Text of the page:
Fig. 1. PM2.5 concentration (µg m–3) of each city in the BTH area under the two scenarios.Fig. 1.
 PM2.5 concentration (µg m–3) of each city in the BTH area under the two scenarios.

 
PM2.5-Related Mortality

The PM2.5-related mortality and PM2.5-related mortality ratio (the contribution of the PM2.5-related mortality to the overall mortality) in the BTH area under the NAPAP scenario also notably decreased from that under the baseline scenario.

Fig. 2 shows the PM2.5-related mortality and the ratio from different causes of deaths in the BTH area under the two scenarios. The PM2.5-related all-cause mortality was 1.32‰ under the NAPAP scenario, accounting for 58.1% of that under the baseline scenario. The PM2.5-related mortality of three specific diseases, viz., cardiovascular disease, respiratory disease and lung cancer, was 0.83, 0.15 and 0.11‰ respectively, under the NAPAP scenario, accounting for 60.6–65.2% of that under the baseline scenario.


Fig. 2. PM2.5-related mortality and PM2.5-related mortality ratio in the BTH area under the two scenarios.Fig. 2.
 PM2.5-related mortality and PM2.5-related mortality ratio in the BTH area under the two scenarios.

The ratio of PM2.5-related all-cause mortality was 23.6% under the NAPAP scenario, 11.0 percentage points lower than that under the baseline scenario. The PM2.5-related mortality ratios of cardiovascular disease, respiratory disease and lung cancer were 26.7, 33.4 and 25.0% under the NAPAP scenario, which were 12.1, 13.9 and 11.5 percentage points lower, respectively, than those under the baseline scenario.


Health Benefits

We found that the NAPAP had significant health benefits. Fig. 3 shows the deaths and PM2.5-related deaths in the BTH area under the two scenarios. For the NAPAP scenario, there were 621,488 deaths, 146,941 (23.6%) of which were related to PM2.5. For the baseline scenario, there were 719,084 deaths, 249,074 (34.6%) of which were related to PM2.5. Compared with the baseline scenario, 102,133 PM2.5-related deaths were avoided in the BTH area due to the NAPAP.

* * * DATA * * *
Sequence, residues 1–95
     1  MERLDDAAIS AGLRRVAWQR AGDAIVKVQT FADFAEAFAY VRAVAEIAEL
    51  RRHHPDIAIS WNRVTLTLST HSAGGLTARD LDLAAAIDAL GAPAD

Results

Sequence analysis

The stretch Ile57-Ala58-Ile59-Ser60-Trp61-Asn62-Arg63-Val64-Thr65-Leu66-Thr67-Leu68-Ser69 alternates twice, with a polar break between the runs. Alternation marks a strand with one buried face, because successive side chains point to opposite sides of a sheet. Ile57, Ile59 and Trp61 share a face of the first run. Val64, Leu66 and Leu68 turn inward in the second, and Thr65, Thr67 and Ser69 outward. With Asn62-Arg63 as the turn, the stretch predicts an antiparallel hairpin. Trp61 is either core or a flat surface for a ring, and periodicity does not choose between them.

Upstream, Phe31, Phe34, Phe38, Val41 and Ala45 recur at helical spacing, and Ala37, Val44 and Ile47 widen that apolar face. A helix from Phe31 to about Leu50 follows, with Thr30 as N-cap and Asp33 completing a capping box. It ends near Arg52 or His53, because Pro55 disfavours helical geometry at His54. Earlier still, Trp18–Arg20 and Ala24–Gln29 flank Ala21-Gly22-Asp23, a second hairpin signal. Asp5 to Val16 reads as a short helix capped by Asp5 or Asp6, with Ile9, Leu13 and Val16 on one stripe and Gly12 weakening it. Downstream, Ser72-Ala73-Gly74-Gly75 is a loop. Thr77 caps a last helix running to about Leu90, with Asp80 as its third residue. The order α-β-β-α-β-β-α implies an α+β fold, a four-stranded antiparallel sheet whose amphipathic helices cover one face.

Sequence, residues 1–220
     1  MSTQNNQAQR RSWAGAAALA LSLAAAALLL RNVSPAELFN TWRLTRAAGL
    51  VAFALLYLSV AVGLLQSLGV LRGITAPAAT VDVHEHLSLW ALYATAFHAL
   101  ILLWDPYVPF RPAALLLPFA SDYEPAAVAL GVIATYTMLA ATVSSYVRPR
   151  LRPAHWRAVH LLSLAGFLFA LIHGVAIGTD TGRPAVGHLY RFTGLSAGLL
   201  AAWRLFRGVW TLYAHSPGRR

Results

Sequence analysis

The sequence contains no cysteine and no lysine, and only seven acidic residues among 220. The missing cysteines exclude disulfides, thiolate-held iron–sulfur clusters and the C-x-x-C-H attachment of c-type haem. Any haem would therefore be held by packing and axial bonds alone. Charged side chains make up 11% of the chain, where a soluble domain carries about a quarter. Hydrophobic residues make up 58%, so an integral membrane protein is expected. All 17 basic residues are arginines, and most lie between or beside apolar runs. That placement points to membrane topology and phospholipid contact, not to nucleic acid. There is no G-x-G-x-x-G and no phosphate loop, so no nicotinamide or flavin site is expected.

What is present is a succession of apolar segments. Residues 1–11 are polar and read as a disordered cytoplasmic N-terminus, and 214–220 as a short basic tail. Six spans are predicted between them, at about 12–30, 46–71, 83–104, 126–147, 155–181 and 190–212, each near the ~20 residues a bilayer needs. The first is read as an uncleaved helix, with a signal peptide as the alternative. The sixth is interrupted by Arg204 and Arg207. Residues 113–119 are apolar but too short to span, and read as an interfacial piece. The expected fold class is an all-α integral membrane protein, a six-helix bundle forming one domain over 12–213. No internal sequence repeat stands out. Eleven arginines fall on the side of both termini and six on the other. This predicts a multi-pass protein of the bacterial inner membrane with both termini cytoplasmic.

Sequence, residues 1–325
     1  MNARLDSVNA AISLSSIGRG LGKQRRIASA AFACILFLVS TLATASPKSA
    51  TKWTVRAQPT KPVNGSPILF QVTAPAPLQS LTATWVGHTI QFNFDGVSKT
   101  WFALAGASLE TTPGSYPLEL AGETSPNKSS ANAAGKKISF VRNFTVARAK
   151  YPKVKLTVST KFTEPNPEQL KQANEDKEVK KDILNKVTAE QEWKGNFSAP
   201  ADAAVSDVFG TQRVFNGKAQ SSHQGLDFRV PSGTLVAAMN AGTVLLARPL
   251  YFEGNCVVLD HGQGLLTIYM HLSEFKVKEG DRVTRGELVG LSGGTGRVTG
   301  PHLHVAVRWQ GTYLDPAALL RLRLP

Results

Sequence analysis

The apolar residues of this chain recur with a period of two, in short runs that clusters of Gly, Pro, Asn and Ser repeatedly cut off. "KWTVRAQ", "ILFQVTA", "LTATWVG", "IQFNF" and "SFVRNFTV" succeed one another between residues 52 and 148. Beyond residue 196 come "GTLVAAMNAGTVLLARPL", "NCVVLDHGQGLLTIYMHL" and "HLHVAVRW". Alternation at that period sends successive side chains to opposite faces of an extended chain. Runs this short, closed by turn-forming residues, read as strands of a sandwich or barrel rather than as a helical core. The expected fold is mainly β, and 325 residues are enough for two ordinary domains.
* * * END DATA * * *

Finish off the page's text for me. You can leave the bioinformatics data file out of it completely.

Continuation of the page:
Fig. 3. Deaths and PM2.5-related deaths in the BTH area under the two scenarios.Fig. 3.
 Deaths and PM2.5-related deaths in the BTH area under the two scenarios.

The PM2.5-related deaths of the three specific diseases listed above also decreased under the NAPAP scenario, accounting for 60.2–65.4% of that under the baseline scenario. For cardiovascular disease, there were 344,611 deaths under the NAPAP scenario, 91,985 (26.7%) of which were related to PM2.5, which was 58,085 (12.1 percentage points) fewer deaths than that under the baseline scenario. For respiratory disease, there were49,233 deaths under the NAPAP, 16,448 (33.4%) of which were related to PM2.5, which was 8,693 (13.9 percentage points) fewer deaths than that under the baseline scenario. For lung cancer, there were 46,829 deaths under the NAPAP scenario, 11,713 (25.0%) of which were related to PM2.5, which was 7,740 (11.4 percentage points) fewer deaths than that under the baseline scenario.

Fig. 4 shows the spatial distribution of PM2.5-related deaths in the BTH area under the two scenarios. The average number of PM2.5-related deaths in each city in the BTH area under the NAPAP scenario was 11,303 (ranging from 2,479–21,022), 7,856 fewer than those under the baseline scenario (ranging from 4,171–34.718). Shijiazhuang, Beijing and Tangshan were the top 3 most-improved cities, with an average of 13,413 avoided deaths (ranging from 12,149–14,393), while Qinhuangdao, Chengde and Zhangjiakou were the bottom 3 cities, with an average of 1,596 avoided deaths (ranging from 1,476–1.692).


Fig. 4. PM2.5-related deaths (thousands) in the BTH area under the two scenarios.Fig. 4.
 PM2.5-related deaths (thousands) in the BTH area under the two scenarios.

The NAPAP was shown to be more effective than the U.S. Cross-State Air Pollution Rule. The latter rule led to approximately 23,500 avoided deaths per year (Lei et al., 2015), approximated to 117,500 avoided deaths in 5 years for the whole U.S., which is 15,367 (15.0%) more than the avoided deaths in the BTH area under the NAPAP scenario. However, considering the U.S. population was approximately 3 times that of the BTH area, the NAPAP was obviously more efficient.

Economic benefits arising from improved health in the BTH area of the NAPAP were also significant and worthwhile. According to related studies (Zeng and Jiang, 2010; Huang and Zhang, 2013), the value of statistical life in health costs attributable to China’s air pollution was approximately 1 million CNY per person. Therefore, the economic benefits brought about by improved health alone reached approximately 102.1 billion CNY, which accounted for 41.0% of the NAPAP direct investment in the BTH area (Chinese Academy for Environmental Planning, 2015).


Comparison with Related Studies